When Chicago native Lupe Fiasco burst on the hip-hop scene with Lupe Fiasco’s Food and Liquor, he was hailed as the thinking man’s rapper, known for his literate flow and socially conscious lyrics. However, Lupe’s latest record Lasers, whose release was withheld for roughly a year by Atlantic Records due to its tragic lack of chart-topping hits, is watered down. The rapper has been exceedingly vocal about his label’s stranglehold on his creative sovereignty, and if the pop tarted-up Lasers is any indication, it appears that Lupe lost the battle for the creative freedom that made his previous albums stand out among his contemporaries’ electro pop-saturated work. Despite Atlantic’s pathological obsession with poppy trash, a few standout tracks demonstrate that Lupe fought valiantly for control — even if pure filler litters the record.

Lupe Fiasco

Lasers
Atlantic

It must have been awkward for Atlantic Records execs to listen to the bitter, dystopian “State Run Radio.” Lupe takes a few jabs at the music-industrial complex and the government over angry guitars, rapping, “Not too smart you will be a superstar / and if you dumb or something maybe you could be number one.” Burn.

Tracks like “Out of My Head” end up sounding like desperate bait for Top 40. The Inventor of Sex himself and pop-chart staple Trey Songz bizarrely lends his bland vocals to this dull track, which has something to do with a heels-donning babe that Lupe wants to court. Honestly, these lyrics are not worth repeating, and with the annoying pop-friendly electronica backdrop, it’s easy to imagine some Atlantic suit holding a gun to Lupe’s head to get him to record a song that will be “out of your head” in no time.

If one can stomach generic confections like “Break the Chain” or the weirdly upbeat “Til I Get There,” listeners will recognize flashes of the old, virginal Lupe in songs like “Words I Never Said,” which has the rapper organically venting his political frustrations. Unfortunately, the track features the suddenly-ubiquitous Skylar Grey (you may recognize the songstress on Diddy’s new ditty “Coming Home”) warbling in between Lupe’s angry verses. Her melodramatic, painfully Auto-Tuned voice kills the mood. The record company just couldn’t resist slathering the politically radical song with a little slick pop production, which dilutes Lupe’s powerful message. He calls out people from both sides of the political spectrum rapping, “Limbaugh is a racist / Glenn Beck is a racist / Gaza strip was getting bombed / Obama didn’t say shit.”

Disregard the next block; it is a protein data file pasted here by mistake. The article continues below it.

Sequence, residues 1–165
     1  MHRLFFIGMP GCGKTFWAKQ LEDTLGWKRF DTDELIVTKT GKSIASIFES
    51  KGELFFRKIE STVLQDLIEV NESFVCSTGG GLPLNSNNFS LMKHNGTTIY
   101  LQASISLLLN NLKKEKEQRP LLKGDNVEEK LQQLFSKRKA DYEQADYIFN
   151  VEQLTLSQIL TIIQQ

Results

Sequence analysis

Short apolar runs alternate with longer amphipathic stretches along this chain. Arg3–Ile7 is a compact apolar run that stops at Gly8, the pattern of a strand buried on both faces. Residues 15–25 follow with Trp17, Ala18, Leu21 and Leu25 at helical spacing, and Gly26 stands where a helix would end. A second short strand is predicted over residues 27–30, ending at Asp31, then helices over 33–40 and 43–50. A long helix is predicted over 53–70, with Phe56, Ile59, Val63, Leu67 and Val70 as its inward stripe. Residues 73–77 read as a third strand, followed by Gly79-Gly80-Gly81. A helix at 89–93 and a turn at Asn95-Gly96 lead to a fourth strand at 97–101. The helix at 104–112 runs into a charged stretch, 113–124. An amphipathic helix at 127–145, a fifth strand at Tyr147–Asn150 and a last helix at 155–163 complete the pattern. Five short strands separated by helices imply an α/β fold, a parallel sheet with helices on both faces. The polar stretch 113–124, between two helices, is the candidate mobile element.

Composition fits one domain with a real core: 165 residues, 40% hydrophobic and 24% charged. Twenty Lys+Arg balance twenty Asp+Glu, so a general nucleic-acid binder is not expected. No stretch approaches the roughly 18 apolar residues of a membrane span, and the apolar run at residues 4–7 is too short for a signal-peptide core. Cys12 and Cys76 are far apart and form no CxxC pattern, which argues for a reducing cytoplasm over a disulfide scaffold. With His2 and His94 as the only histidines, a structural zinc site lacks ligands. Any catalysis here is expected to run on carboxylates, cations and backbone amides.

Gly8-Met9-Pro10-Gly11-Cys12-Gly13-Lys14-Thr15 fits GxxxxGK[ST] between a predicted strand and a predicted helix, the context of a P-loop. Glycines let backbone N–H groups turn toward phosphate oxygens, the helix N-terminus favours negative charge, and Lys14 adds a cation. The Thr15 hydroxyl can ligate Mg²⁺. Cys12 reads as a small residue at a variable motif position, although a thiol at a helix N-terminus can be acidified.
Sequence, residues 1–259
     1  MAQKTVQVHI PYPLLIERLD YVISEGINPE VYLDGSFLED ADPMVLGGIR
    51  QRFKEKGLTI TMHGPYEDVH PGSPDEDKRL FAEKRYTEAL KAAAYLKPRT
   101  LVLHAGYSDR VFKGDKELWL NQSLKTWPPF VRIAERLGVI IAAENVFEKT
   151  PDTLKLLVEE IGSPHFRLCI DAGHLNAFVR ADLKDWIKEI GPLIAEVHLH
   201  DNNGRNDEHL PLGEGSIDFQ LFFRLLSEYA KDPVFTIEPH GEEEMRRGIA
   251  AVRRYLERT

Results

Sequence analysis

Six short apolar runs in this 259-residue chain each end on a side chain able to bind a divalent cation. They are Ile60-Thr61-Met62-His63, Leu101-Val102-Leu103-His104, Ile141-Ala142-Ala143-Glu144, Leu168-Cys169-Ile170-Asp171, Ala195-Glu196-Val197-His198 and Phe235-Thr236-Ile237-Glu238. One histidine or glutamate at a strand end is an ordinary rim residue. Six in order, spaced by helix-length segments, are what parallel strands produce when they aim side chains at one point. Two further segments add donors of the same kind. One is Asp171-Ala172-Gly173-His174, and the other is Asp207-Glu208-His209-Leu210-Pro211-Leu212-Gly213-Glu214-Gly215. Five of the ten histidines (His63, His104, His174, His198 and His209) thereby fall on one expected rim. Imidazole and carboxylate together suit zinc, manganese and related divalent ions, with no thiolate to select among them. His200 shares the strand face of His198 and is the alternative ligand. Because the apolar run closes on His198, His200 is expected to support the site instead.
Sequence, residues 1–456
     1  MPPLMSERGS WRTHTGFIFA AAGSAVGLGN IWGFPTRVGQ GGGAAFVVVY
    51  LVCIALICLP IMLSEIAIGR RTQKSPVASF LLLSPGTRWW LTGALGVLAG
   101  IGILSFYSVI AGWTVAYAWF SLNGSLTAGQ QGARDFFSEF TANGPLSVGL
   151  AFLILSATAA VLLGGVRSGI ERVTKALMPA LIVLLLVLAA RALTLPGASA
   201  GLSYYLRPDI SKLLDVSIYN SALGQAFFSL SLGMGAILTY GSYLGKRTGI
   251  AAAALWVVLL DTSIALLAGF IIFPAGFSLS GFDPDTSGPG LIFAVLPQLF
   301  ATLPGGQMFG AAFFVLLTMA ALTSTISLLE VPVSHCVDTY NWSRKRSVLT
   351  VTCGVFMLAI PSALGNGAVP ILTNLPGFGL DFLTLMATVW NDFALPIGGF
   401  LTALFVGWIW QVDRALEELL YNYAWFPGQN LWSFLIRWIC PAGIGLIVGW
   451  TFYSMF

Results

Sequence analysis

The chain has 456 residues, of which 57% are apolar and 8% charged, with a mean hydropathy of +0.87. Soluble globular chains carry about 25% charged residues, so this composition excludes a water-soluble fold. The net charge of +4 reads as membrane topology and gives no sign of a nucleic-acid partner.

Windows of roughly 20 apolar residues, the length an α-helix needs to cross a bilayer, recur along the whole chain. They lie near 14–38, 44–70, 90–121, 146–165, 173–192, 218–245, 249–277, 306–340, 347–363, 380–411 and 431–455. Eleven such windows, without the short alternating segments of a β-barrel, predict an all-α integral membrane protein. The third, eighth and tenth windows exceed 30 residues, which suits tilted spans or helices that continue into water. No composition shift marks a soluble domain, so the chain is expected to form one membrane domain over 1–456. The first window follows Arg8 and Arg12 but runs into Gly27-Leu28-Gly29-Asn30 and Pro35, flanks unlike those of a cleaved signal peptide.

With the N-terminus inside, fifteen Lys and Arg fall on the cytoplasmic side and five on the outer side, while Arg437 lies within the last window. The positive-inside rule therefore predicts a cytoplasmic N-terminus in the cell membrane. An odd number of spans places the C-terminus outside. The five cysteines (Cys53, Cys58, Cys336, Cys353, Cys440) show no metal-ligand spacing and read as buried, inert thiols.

“All Black Everything” is another fascinating glimmer of old-school Lupe, as it has him imagining a world that isn’t blighted by racism. He drops a few politically charged names from history as well as riffing on political figures in recent news, subsequently crafting an ideal world where “Everybody rappin’ like crack never happened.” A utopian, “Pleasantville”-esque orchestra reminiscent of a ’50s sitcom strains, while Lupe dreams about a world where “hip hop ain’t got a section called conscious.”

There are a few instances on the album when Lupe breaks free of the chains he raps about on the track “The Show Goes On,” (which utilizes a Modest Mouse sample to create a solid anthem for the downtrodden and kicked-around). However, Lasers is plagued by generic beats and lazy lyricism.

To stir up attention for the album, Lupe released “The Lasers Manifesto” in which he boldly proclaimed, “We want substance in the place of popularity. We will not compromise who we are to be accepted by the crowd.” Unfortunately — though a sizable chunk of the blame fell on his record company’s shoulders — Lupe Fiasco failed to follow his own rules on Lasers.

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